Vinny Curry, Marshall

Height: 6030 Weight: 265

Best fit: 4-3 RDE

Potential landing spot: Indianapolis Colts (65th overall)

 

Breakdown:

One of the first things that I noticed about Curry is that he’s not really explosive. His get-off of the line is rather average. The hand placement/technique is sound and when Curry does get around offensive tackles, he does a great job of shielding them with his body – much like a wide receiver does when they get a step on a cornerback. His pursuit, closing speed, and change of direction are limited by his lack of elite athleticism.

 

After meeting Curry, he’s very humble and comes off as coachable – which would explain why his technique is rather refined for someone his age. The phrase that I would use to describe Curry is efficient. His chances of flat-out busting seem slim but his chances are superstardom are equally slim. I actually think that with an extra 15 pounds Curry may be better off as a 3-technique defensive tackle but that’s probably crazy-talk.

 

Cam Johnson, Virginia

Height: 6036 Weight: 267

Best fit: 3-4 OLB

Potential landing spot: Green Bay Packers (91th overall)

 

Breakdown:

I had not really taken an interest in Cam Johnson until the Senior Bowl, when Senio Kelemete said that he was the best player he matched up against. He pointed to his first step and that’s the first thing that you notice about Johnson. He gets off the line in a hurry and is explosive off of the edge. His stop and go ability lends itself nicely to the 3-4 defense, which Virginia actually played last season before switching to a 4-3.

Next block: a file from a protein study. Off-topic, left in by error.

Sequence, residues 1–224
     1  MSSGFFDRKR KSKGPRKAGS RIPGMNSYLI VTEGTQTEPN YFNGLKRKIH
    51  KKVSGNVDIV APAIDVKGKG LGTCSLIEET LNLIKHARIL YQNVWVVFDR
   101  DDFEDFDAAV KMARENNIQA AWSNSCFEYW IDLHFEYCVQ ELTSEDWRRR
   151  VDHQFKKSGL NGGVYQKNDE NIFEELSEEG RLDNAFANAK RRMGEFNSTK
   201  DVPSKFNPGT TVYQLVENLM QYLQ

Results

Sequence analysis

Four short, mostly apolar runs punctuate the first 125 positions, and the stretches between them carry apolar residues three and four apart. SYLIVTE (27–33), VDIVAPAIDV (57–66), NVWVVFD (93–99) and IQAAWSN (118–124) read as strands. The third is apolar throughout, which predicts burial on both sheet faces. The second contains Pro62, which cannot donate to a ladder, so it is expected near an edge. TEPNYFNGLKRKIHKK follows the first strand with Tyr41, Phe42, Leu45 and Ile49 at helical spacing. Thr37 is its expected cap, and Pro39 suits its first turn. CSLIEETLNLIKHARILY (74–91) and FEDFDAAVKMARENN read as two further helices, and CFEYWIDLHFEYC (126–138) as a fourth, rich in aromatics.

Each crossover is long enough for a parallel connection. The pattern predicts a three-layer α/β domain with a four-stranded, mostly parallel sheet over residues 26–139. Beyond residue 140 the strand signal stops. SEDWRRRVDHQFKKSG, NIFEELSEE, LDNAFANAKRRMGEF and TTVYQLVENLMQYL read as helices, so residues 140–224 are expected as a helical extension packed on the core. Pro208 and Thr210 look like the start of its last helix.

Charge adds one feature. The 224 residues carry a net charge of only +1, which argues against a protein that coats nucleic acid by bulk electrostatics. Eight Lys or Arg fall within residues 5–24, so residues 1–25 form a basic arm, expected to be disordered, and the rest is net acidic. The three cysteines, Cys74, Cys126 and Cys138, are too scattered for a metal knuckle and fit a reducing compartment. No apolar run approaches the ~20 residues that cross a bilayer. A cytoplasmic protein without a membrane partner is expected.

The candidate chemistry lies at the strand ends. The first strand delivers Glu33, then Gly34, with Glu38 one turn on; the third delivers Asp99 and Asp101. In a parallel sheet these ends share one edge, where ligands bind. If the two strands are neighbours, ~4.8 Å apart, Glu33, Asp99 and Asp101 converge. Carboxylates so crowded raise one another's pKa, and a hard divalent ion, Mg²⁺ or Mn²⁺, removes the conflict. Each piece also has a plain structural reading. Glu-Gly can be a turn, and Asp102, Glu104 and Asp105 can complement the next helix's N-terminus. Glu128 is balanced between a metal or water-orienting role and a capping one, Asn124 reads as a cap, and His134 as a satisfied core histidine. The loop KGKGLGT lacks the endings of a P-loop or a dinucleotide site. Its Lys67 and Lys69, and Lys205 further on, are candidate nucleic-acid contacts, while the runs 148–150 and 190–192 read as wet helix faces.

Still, there are several things with Johnson that will keep him from coming off the board early – aside from injury (or who knows, maybe some of these things are due to injury). He can get pushed around a bit, especially after letting linemen in on his pads which he can sometimes do. He doesn’t fight through blocks so well either and needs to work on lower body strength. His initial punch wasn’t showcased much so it’s tough to tell if it’s just not there or not utilized. Dropping in coverage, he could sometimes lock in on one man and lose peripheral vision. A mean streak is also something that I would like to see more of from Johnson. To me he is a 3rd/4th rounder but it’s so hard to judge a player through injury that it’s hard to be certain of what you’re looking at. Also, a sickle-cell condition will keep Johnson from being an every down type of player – or even an any-down type of player somewhere like Denver.

 

Chandler Jones, Syracuse

Height (listed): 6050 Weight: 265

Best fit: 4-3 DE

Potential landing spot: New England Patriots (63rd overall)

 

Breakdown:

Chandler Jones has been an interest of mine ever since finding out that his brothers are UFC fight Jon “Bones” Jones and Ravens DT Arthur Jones. Though hamstrung by injury for much of his stay at Syracuse, you can see that the natural talent is there.

 

Jones is raw to say the least though. When he runs, he swings around his arms – almost to the point where it is wasted energy. At times, he can even give away an impending bull-rush by tilting his head back before making contact with the linemen. This can’t be too smart but is likely correctable. His lower body needs to add strength but he can use his long arms to both get into passing lanes and keep blockers from getting a handful of jersey. Questions about his mean streak do creep into my head and he’s much more of a wrap-up tackler than he is the normal take the ball-carrier’s head off type. While it’s tough to see just his production making him a 2nd round pick, his potential could allow him to creep in. When all is said and done, Jones could become the steal of the draft with his Aldon Smith-like skillset, but there’s just not enough evidence to be sure at this point.